A member of my family, a former British Army Commando, compared the situation a couple of weeks ago to the times he served in Afghanistan and Iraq. “There will be brief periods of drama amongst a lot of boredom and some saving of money. We’re all going to watch a lot of Netflix”. It was said with tongue in cheek but I’ve reflected on it and concluded that for this particular member of my family, it’s largely true. His circumstances are very different from mine however and they will be wildly different from millions of others. So it’s not a terribly useful analogy. And that’s the point. Meaningful analogies are a struggle because these experiences are new. The fact that I have lived solo for a few years does not mean I am storming this audition for the new isolationist life. The same is true for those who had significant experience of working from home before. It is fundamentally not the same.
So. We didn’t ask for this, AND…
Therefore it’s ok if we haven’t come up with an adjusted life plan in all this time we’ve apparently had on our hands. You know, all that capacity you’ve had to reflect in stillness and in quiet to identify what really matters to you - the things you do and don’t want to be part of the ‘new you.’ To grapple with the life goals that you had which are now on hold.
It’s ok if we haven’t come up with an adjusted life plan in all this time we’ve apparently had on our hands
A couple of weeks ago when I couldn’t breathe, as PPE covered paramedics were walking into my living room and I was certain that I was going to die, I didn’t see a white light at the end of a tunnel. My life did not flash before my eyes. There was no divine awakening. I remembered that my Will is up to date and that I’d had a brilliant day with my niece relatively recently. In my head I sent a message to my WhatsApp Support Crew (which my friends created) to not worry because I’ve had a great life. Mainly though I was entirely focused on trying to remain calm and conscious and doing exactly what the paramedics told me to do. I didn’t have capacity to process why they were so calm. It was bizarre. Luckily for me (and nothing whatsoever to do with being ‘a fighter’, or ‘ a goodun’ ) I didn’t have to go to hospital and I’ve now recovered. I think often about those who have not been as lucky as me and those having to do an impossible version of grief. I have also reflected however, that I have still not had any earth shattering revelations of existential comfort. The grass does not look any greener to me. The sunshine is as glorious as it was but no more so. The populist gratitude brigade might suggest I’m not grateful enough. I’d suggest there’s still quite a lot going on right now and by the way there’s no evidence base for gratitude being helpful for our mental health. It’s enough to be surviving at the moment in whatever ways we can. We are enough. We can remind ourselves of this by considering where we are on Maslow’s hierarchy of needs:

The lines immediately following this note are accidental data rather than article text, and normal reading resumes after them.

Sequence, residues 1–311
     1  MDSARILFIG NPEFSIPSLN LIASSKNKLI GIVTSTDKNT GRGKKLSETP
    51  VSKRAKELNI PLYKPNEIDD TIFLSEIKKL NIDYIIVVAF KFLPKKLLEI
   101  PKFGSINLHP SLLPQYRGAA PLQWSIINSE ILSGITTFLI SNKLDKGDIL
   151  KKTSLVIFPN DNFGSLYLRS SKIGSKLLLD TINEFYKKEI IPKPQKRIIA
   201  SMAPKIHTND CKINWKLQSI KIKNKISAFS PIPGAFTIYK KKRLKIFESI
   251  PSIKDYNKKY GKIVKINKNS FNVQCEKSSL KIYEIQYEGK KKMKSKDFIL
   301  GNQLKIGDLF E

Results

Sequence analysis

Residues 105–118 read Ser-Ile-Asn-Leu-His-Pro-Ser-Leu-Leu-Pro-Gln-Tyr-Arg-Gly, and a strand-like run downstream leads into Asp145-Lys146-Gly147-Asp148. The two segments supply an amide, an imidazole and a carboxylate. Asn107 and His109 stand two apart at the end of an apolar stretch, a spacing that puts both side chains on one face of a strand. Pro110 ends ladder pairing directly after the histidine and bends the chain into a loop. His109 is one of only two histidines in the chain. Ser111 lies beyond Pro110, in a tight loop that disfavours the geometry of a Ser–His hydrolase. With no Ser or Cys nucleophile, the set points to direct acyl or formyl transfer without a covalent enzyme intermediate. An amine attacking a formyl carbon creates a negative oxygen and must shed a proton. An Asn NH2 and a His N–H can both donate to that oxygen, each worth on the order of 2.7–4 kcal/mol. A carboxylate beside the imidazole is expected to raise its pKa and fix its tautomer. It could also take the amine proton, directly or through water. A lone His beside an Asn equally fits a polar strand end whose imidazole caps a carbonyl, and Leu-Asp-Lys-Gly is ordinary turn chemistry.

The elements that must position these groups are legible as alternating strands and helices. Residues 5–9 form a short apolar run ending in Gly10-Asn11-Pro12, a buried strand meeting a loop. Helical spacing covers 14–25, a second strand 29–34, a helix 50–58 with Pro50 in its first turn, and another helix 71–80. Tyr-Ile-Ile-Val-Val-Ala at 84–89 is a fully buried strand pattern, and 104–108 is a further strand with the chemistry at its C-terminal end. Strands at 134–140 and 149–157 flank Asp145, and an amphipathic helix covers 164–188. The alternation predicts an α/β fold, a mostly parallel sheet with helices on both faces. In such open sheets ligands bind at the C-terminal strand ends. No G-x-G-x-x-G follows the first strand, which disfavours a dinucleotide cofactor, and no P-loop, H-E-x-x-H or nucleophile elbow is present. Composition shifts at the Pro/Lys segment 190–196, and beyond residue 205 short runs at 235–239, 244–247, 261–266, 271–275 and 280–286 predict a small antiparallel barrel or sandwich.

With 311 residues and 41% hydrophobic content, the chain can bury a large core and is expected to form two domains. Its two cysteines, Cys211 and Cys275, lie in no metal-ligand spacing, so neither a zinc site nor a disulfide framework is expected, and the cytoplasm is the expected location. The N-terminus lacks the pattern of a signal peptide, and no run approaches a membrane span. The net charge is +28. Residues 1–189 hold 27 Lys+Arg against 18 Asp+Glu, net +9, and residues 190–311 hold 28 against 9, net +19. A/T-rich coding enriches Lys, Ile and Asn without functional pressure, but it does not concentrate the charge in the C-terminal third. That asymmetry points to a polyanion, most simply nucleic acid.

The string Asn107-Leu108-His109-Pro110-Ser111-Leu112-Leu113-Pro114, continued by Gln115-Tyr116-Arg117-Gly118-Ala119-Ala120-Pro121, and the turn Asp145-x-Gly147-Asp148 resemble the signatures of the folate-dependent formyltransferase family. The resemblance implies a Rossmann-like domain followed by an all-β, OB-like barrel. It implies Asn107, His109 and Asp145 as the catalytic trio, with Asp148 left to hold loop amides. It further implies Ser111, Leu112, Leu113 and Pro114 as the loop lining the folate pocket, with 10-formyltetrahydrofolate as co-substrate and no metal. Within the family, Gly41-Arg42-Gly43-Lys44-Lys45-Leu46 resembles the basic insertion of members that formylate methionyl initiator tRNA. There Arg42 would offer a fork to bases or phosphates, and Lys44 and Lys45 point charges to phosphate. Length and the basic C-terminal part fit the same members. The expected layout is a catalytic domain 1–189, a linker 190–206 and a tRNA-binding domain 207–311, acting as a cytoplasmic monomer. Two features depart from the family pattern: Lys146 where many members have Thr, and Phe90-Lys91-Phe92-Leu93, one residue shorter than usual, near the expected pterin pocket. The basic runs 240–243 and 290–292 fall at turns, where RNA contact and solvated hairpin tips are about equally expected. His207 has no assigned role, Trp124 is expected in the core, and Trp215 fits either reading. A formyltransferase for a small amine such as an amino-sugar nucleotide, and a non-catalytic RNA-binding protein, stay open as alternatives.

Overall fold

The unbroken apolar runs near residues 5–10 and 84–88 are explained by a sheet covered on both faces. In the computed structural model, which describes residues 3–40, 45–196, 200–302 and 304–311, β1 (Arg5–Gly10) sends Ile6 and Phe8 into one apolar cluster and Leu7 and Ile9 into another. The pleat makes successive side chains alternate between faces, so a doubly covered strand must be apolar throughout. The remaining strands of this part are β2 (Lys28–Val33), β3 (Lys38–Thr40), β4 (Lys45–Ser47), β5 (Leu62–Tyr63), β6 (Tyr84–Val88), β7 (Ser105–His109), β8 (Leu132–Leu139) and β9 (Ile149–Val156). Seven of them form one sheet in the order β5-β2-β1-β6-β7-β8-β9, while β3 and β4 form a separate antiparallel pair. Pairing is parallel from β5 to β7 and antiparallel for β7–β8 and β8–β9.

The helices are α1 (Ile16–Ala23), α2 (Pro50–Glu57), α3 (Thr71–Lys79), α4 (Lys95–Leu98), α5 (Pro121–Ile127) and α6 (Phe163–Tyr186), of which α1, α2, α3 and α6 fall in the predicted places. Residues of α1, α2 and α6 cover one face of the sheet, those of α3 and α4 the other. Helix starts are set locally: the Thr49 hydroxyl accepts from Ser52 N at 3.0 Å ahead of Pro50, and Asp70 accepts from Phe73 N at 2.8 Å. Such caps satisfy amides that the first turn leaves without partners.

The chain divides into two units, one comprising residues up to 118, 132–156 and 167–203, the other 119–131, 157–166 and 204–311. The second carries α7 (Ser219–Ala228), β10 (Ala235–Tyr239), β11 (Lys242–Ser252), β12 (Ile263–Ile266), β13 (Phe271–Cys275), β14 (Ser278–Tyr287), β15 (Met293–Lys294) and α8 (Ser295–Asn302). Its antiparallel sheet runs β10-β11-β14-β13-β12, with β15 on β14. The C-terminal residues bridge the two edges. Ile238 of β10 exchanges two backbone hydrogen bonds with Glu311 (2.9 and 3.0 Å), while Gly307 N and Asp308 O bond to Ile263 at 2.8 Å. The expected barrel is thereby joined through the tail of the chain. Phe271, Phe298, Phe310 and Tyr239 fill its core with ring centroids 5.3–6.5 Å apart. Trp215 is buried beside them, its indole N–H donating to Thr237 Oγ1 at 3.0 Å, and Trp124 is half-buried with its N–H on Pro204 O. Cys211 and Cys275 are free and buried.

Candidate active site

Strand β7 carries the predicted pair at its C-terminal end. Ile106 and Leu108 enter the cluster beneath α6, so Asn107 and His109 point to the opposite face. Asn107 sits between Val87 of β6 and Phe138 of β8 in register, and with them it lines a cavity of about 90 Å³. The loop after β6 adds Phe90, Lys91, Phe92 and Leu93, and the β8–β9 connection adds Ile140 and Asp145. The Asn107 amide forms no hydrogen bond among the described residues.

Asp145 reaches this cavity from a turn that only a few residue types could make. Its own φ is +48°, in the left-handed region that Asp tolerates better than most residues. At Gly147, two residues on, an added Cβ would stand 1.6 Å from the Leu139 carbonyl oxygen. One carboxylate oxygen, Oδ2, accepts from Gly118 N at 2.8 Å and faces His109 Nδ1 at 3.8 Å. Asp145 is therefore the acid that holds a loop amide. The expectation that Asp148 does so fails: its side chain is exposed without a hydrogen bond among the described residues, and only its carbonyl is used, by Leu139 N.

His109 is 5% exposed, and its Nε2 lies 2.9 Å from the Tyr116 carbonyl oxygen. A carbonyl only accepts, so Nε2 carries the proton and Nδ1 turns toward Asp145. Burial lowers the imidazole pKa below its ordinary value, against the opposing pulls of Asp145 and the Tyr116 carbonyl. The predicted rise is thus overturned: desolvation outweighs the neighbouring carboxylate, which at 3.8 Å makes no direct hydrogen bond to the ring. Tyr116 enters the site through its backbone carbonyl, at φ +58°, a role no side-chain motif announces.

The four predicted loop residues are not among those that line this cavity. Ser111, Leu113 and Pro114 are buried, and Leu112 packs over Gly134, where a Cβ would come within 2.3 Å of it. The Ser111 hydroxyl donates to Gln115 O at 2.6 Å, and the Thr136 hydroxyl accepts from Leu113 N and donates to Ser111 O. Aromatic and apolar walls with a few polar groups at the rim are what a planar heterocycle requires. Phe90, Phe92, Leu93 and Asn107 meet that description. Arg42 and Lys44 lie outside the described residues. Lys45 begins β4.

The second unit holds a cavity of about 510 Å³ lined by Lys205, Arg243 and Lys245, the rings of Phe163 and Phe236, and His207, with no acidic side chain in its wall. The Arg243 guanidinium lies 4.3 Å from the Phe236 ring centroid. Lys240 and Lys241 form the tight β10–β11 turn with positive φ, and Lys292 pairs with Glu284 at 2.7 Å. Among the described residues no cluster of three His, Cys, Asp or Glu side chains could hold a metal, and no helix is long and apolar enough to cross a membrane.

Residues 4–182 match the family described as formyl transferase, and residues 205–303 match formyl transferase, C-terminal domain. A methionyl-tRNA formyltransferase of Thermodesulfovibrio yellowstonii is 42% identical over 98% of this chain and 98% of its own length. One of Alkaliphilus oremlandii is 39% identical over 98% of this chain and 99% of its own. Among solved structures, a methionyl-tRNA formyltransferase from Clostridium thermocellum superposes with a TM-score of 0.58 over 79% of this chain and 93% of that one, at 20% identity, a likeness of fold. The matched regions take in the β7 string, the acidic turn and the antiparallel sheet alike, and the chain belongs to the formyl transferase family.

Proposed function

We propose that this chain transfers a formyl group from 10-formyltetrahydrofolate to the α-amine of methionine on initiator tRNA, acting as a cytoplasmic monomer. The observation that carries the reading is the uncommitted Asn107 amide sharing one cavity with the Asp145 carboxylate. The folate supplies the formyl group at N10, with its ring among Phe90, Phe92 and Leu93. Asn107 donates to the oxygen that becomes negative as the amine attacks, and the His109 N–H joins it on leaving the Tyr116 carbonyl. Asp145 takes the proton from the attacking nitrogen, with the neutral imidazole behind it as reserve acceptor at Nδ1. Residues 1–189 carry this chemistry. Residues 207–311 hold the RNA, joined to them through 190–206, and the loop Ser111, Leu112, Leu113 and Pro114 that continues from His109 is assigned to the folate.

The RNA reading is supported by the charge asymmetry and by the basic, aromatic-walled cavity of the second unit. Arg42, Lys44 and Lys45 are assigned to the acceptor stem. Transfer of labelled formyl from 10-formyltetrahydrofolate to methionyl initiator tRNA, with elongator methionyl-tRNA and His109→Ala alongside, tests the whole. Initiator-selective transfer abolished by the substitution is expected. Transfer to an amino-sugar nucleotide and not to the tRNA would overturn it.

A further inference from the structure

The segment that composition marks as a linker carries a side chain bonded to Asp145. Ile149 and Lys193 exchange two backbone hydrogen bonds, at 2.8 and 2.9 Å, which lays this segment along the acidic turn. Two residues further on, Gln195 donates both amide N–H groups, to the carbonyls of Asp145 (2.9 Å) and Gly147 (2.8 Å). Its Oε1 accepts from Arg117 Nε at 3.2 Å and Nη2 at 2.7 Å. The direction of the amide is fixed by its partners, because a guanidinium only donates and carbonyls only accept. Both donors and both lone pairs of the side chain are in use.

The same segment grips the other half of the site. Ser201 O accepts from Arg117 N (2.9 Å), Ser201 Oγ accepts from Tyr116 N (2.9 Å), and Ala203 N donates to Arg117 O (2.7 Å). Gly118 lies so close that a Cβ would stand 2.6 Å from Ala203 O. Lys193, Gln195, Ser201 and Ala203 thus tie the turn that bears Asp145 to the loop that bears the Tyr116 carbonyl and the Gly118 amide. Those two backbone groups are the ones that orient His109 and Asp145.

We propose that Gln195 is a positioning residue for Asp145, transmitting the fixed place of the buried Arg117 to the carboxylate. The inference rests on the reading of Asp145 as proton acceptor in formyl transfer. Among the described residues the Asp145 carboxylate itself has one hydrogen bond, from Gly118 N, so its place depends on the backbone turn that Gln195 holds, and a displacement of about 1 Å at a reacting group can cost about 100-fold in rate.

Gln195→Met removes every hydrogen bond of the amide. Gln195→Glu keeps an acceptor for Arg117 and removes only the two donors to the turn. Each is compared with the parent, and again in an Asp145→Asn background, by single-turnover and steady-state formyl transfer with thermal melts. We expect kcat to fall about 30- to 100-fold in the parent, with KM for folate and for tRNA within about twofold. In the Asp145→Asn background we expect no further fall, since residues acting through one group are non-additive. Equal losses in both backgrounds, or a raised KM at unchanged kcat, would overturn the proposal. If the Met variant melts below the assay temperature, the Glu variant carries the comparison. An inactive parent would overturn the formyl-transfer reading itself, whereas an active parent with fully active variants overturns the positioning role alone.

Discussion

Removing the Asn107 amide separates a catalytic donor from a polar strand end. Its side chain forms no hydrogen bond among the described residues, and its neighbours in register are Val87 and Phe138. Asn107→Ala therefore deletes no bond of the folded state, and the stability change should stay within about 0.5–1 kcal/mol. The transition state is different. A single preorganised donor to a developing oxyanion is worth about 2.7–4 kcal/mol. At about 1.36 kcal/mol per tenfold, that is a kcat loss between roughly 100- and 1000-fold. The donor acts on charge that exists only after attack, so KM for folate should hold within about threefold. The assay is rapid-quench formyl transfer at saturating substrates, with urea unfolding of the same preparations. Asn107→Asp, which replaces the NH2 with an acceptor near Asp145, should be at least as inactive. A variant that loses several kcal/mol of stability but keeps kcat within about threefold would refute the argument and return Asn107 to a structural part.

So. We didn't ask for this, AND...
Look what’s happening! Outbreaks of altruism everywhere! Londoners making eye contact and saying hello to each other from their socially distant places on pavements. Neighbours not only speaking to each other for the first time but being openly gushy and delivering essential supplies without hesitation. Our Thursday 8pm Clap for Carers is now an institution causing many of us to openly weep with affection and admiration from our doors/ windows /balconies. I hope this continues. I think it’s a good reminder that pre Covid-19 most of us (and certainly our political leaders) took our health and social care workers entirely for granted along with the rest of our public sector and local government services. We were dabbling in an arena where science and expertise were quietly subsumed by showmanship and sensationalism. Perhaps there could be a balanced shift back.
Our place in nature
Perhaps also, globally we could agree to respect nature now that we’ve been reminded of our place in the grand order of things. These two hopes are the only take aways I’ve come up with so far. My favourite forwarded sights are the pelicans flapping down the middle of the Mall in London; the croc sloping down the street in South Carolina, the sea lions waddling down the stairs in Argentina, the lions on the golf course in South Africa…there is an endless list apparently of nature reminding us who’s boss.
We’ve been reminded of our place in the grand order of things
These creatures are looking around hesitantly wandering themselves into new territory. Maybe with curiosity about novelty and discovery but definitely with hardwired reflexes to retreat to safety at any moment if it doesn’t go well. I wonder if we could accept that we are doing the same. We could follow their lead by ignoring the inner critic, putting the sour dough recipes down and turning the Mandarin off. I happen to have some letters before and after my name which suggest that I know a bit about the brain, emotions and behaviour. Sadly, this doesn’t automatically confer expertise in managing new global threats. I’m needing to remind myself of that to silence my own inner critic. I’m finding it tough at the moment AND I’m doing the best I can which varies day to day AND that’s good enough.
Dr Lucy Oldfield CPsychol, MA (Oxon), HUMAN.